To reiterate, the diagrams above look at the profit or loss at the certificate level. For takaful in Malaysia the complication starts when each certificate is split into two distinct components, one being that which constitutes the wakala portion to meet management expenses and the other being the tabarru’ portion of the contract to meet risk related liabilities. In this process the surpluses and losses underlying the contract would accordingly be apportioned, however not necessarily in any consistent manner. Thus, while at the certificate level the profitability or otherwise of the certificate is clear, how the contribution is cut into the wakala fee and the tabarru’ will determine where and how much of the profit or loss would reside in the operator fund or the tabarru’ (takaful risk) fund respectively. For the takaful fund, the sum of all these tabarru’ values less the actuarial liabilities would result in a total profit or loss of the fund. In short total profit or losses in takaful is determined not at the certificate level but at the takaful fund level only. If a surplus arises, a distribution can be made to participants, and where allowed, the takaful operator as a performance fee. The allocation of this surplus is determined by each operator’s surplus distribution policy, and what terms have been agreed with the participants in their policy contract. Under the solvency computation basis, where the surpluses reside does not pose a significant problem (there is the small complication of how much surplus in the takaful fund can count towards solvency) as solvency is determined at the company level. The split of the contribution between wakala and tabarru’ does however determine where, when and how surplus emerges but the issue of whether the surplus or loss emerges in any particular manner is not a solvency issue, it is an accounting issue. Thus, currently, surplus is distributed on a cash basis even though effectively all surplus or losses that is being recognized for solvency have yet to be “earned”.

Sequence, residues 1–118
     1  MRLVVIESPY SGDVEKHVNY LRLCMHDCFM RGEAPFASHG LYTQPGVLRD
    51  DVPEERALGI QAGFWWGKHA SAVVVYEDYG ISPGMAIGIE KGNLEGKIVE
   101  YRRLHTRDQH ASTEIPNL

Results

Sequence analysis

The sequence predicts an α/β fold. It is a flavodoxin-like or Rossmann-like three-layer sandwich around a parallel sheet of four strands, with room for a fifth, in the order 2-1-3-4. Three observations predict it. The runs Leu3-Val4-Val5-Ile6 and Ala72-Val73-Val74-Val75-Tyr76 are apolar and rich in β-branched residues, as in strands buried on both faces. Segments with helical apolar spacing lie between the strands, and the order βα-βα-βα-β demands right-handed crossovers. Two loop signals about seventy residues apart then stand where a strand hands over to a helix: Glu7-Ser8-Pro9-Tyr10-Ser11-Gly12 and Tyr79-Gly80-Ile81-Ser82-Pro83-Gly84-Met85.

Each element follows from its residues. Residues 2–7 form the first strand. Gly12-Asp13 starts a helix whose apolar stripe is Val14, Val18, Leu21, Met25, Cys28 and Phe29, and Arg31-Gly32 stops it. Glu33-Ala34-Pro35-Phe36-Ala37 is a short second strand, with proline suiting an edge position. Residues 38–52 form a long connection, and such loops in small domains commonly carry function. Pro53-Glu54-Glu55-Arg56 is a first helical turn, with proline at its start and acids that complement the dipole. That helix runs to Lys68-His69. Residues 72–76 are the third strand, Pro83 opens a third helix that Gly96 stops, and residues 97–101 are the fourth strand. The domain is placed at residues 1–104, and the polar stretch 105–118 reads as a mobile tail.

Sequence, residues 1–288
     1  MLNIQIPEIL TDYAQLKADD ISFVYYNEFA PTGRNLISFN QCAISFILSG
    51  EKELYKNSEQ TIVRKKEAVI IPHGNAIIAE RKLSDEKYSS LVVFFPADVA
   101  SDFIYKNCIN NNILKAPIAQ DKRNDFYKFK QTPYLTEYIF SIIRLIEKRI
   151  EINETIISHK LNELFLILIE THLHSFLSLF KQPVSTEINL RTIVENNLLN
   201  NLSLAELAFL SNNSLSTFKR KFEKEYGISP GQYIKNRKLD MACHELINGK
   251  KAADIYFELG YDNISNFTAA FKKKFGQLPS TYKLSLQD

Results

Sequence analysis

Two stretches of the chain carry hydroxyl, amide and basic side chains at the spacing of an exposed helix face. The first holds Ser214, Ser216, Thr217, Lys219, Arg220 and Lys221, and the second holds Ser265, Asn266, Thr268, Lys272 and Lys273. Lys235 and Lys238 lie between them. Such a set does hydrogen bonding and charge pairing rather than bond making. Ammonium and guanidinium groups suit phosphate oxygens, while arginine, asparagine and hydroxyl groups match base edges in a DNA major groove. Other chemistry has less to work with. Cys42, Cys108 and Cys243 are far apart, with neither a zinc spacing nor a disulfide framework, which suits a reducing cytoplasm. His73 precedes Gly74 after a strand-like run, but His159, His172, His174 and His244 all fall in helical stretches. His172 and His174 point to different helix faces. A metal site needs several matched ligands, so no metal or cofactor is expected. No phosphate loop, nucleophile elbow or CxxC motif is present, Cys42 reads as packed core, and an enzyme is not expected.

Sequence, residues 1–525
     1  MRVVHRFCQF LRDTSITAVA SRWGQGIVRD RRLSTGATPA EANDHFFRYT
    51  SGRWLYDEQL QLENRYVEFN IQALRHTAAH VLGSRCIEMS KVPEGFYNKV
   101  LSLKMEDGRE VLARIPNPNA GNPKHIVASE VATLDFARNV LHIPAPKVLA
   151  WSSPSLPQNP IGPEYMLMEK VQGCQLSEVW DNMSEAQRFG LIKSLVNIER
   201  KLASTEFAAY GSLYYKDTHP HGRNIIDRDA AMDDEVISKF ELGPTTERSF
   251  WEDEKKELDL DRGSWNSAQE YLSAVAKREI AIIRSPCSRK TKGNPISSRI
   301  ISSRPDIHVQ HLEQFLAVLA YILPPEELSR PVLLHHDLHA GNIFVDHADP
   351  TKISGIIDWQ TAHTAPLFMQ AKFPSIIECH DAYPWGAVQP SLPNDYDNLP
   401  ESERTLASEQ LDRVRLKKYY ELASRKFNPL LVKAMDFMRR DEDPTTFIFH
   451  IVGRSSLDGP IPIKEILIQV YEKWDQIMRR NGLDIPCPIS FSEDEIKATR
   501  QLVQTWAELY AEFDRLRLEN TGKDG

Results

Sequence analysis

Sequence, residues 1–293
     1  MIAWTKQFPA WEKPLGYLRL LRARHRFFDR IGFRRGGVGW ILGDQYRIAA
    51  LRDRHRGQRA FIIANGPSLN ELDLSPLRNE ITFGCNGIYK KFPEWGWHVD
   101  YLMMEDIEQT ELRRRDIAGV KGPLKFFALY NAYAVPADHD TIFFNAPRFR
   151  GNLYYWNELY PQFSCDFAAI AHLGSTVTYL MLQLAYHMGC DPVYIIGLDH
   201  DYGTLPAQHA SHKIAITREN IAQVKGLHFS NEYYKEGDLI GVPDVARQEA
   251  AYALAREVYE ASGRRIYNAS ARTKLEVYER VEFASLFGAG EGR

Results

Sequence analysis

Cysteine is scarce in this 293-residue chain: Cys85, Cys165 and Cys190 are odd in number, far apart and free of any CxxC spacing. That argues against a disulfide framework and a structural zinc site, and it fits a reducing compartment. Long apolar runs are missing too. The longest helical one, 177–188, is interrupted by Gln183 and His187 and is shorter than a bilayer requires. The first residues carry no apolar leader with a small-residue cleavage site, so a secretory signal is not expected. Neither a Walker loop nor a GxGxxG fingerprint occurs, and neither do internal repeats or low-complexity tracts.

Now we turn to accounting under IFRS 17. IFRS 17 requires all expected profits under any one contract to be amortized (i.e. earned) over the contract duration while losses need to be recognized immediately. Due to its risk sharing nature this requirement however disappears when you consider a mutual. Mutual is defined here as an entity where the insureds are also the insurer. The underlying principle of a mutual is that losses underlying one policy can be carried by another policy which expects a surplus. Furthermore under a mutual not all surplus arising in a year need to be fully distributed, indeed they can also be set aside to be distributed to future policyholders. Thus surpluses in a mutual are determined at the fund level and may then be allocated back to the underlying policies, not unlike how surpluses are calculated at the fund level for the purpose of solvency computation. There is however one important difference under IFRS 17. Under IFRS 17 the net surpluses should be allocated systematically over the future years whilst under the solvency calculation all surpluses can be recognized and distributed immediately. This includes surplus attributable to premium income not yet received.